Vice President Dick Cheney helped broker the Chevron-Kazakhstan deal when he sat on the Kazakhstan Oil Advisory Board in the mid-'90s (Amarillo Globe-News, June 13, 1998). Chevron also has one former corporate board member in the Bush Administration--National Security Advisor Condoleezza Rice, whose financial disclosure statement indicates she held at least $250,000 in Chevron stock and had income of more than $555,000 last year (Florida Sun-Sentinel, June 3, 2001; Dec. 18, 2000). Chevron even has a Bahamas-registered tanker named the Condoleezza Rice. [top]

Vice President Dick Cheney is a former CEO of Halliburton, a top global energy services contractor with extensive investments in the oil-rich Caspian Sea region. One Halliburton holding, Bredaro-Shaw, is a joint venture with the Bin Laden Group--the family business of the terrorist mastermind's father. Bredaro-Shaw and its predecessor Bredaro-Price have worked on pipelines in Iran, Libya and Alaska (

Bredaro-Price was partially acquired by Dresser Industries in 1993. In 1996, Dresser merged with Shaw Industries Ltd. of Canada and the holding became Bredaro-Shaw. Dresser was subsequently acquired by Halliburton, which now owns 50% of Bredaro-Shaw (

Dresser provided George HW Bush, the current president's father, with his first job in the oil industry in the early 1950s ( In 1953, the elder Bush left Dresser to form Zapata Petroleum with partner Hugh Liedtke. Zapata later became Pennzoil, which is still controlled by Liedtke and now owns 9% of top Caspian Basin investor Chevron (Pennzoil reference at Handbook of Texas.) [top]

The UK Observer reported Sept. 30 that two detailed proposals for "warfare without limit" have been presented to President Bush by Defense Secretary Donald Rumsfeld. The proposals were drawn up by his deputy, Paul Wolfowitz--a right-wing intellectual who rose through State Department and Pentagon ranks under Ronald Reagan to become one of the chief architects of the 1991 Gulf War.

The report says the plans "argue for open-ended war without constraint either of time or geography and potentially engulfing the entire Middle East and Central Asia." The plans involve overt and "visible" military action by the 10th Mountain and 82nd Airborne divisions in Afghanistan. These would act as "cover" for units under the Pentagon's Joint Special Operations Command, which would operate elsewhere. These include Army Rangers, Delta Force and other elite forces. The Afghanistan covert ops would be followed by similar campaigns in Iraq, Syria and Lebanon as well as post-Soviet republics. Asked whether the Palestinian Hamas in the Occupied Territories would be too controversial a target, one source said: "Never say never."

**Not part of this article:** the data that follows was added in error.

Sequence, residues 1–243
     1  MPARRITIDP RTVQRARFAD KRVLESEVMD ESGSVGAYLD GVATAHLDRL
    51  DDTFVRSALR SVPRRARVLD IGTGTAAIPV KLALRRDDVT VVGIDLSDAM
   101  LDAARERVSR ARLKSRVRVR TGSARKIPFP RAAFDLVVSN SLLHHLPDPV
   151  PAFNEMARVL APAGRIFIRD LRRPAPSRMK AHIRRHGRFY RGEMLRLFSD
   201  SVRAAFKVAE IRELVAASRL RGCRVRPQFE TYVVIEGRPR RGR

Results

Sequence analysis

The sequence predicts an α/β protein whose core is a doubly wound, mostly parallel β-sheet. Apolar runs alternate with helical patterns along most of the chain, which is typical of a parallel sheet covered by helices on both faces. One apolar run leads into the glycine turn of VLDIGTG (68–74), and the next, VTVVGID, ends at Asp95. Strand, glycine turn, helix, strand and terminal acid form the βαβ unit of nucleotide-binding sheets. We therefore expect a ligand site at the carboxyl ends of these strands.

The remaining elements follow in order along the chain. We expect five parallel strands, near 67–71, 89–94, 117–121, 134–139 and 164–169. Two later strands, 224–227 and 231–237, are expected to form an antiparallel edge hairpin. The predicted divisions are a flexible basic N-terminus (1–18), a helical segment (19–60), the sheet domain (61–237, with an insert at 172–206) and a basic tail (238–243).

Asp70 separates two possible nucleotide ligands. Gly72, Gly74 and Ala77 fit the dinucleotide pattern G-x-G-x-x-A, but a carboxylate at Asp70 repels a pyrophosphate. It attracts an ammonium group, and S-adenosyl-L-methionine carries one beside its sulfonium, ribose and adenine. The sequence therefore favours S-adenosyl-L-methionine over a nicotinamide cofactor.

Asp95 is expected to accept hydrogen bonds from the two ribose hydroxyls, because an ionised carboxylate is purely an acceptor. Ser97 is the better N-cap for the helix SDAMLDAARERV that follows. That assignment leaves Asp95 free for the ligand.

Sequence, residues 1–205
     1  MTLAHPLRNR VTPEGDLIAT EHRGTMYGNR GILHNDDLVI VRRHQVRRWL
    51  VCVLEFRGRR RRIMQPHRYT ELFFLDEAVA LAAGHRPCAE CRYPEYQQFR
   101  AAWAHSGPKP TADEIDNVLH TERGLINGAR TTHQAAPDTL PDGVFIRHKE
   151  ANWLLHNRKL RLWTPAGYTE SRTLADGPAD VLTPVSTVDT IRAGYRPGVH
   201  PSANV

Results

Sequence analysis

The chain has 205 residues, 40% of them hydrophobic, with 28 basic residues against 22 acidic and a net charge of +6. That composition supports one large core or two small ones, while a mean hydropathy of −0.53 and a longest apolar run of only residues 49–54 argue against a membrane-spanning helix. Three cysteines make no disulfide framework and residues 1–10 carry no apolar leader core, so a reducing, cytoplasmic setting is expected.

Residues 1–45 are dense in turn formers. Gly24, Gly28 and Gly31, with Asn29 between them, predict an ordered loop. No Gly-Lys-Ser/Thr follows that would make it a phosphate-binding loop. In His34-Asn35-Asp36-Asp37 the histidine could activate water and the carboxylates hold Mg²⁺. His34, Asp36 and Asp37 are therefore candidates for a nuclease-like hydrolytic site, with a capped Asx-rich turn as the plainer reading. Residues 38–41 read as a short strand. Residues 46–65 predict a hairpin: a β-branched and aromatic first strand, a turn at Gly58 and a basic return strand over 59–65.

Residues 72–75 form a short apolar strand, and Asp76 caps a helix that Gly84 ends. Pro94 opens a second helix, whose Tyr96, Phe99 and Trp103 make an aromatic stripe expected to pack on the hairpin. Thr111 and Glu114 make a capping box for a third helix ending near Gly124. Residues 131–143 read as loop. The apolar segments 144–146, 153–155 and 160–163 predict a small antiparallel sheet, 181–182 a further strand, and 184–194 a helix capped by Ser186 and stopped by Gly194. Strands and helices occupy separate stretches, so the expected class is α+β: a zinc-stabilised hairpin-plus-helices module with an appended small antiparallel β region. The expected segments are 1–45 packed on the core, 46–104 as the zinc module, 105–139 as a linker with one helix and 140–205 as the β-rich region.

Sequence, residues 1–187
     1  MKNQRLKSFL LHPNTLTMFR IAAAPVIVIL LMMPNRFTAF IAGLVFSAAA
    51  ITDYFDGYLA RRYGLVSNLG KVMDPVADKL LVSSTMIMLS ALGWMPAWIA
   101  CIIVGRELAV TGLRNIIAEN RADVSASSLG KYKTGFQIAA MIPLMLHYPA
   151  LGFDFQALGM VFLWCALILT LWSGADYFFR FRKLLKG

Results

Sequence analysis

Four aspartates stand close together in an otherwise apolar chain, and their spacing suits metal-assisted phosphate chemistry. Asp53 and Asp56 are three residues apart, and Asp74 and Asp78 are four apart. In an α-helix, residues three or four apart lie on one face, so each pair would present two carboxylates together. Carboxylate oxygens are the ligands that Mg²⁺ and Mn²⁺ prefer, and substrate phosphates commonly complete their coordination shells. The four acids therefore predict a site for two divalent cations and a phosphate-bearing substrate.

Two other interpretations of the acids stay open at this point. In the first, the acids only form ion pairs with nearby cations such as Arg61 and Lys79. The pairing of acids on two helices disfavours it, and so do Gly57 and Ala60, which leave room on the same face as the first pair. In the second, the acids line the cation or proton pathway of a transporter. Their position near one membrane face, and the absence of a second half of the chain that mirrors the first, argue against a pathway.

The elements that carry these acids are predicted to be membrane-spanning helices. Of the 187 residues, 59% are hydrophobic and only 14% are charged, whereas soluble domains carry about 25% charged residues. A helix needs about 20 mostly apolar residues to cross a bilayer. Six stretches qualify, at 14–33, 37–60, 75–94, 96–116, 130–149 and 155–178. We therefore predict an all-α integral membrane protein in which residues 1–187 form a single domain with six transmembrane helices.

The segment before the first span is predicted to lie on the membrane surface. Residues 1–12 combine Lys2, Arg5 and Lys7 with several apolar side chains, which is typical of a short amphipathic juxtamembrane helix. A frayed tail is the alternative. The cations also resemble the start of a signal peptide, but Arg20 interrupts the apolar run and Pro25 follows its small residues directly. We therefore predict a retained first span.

The Observer also claims the proposals "have opened up an abyss in the Bush administration, since they run counter to plans carefully laid by Secretary of State Colin Powell, who has had the upper hand against the Pentagon for the first three weeks since the disaster, but is starting to lose his commanding position within the Oval Office." Concludes the report: "The final arbiter between the Pentagon and Powell camps is likely to be Vice-President Dick Cheney. Cheney is traditionally an enemy of Powell's and a close ally of Rumsfeld and Wolfowitz, but has been said to be moving closer to the Secretary of State's views over the road to war. The Observer's sources, however, indicate the reverse--that Cheney will remain with his friends and support an expansion of the war beyond Afghanistan."